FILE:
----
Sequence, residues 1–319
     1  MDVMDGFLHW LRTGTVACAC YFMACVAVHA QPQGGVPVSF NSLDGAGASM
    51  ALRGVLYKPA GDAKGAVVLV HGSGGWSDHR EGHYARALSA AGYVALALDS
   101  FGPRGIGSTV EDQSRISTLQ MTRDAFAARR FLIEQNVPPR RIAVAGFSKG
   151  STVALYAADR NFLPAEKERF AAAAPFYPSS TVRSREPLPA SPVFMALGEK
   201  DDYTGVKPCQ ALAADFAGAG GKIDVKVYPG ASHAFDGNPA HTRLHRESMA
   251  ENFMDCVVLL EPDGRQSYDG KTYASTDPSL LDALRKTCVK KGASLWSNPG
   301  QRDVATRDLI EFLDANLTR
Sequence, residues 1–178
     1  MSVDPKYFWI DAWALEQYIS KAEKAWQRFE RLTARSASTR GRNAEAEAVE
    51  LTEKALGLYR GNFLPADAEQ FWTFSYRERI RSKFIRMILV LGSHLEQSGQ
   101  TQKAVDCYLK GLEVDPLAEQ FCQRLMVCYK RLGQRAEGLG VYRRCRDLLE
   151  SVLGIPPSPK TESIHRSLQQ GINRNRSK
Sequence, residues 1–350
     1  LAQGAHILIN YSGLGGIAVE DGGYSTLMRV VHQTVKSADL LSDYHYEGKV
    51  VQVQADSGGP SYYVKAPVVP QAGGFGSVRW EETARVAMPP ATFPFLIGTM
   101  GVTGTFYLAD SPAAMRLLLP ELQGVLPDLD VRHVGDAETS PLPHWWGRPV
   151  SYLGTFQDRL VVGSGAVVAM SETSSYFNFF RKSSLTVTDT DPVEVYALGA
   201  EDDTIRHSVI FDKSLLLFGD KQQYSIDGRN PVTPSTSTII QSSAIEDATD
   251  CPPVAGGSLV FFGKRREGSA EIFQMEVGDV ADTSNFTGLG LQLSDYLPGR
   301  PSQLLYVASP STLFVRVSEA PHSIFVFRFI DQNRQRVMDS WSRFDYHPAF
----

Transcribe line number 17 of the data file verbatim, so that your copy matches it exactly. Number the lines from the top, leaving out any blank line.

   101  GVTGTFYLAD SPAAMRLLLP ELQGVLPDLD VRHVGDAETS PLPHWWGRPV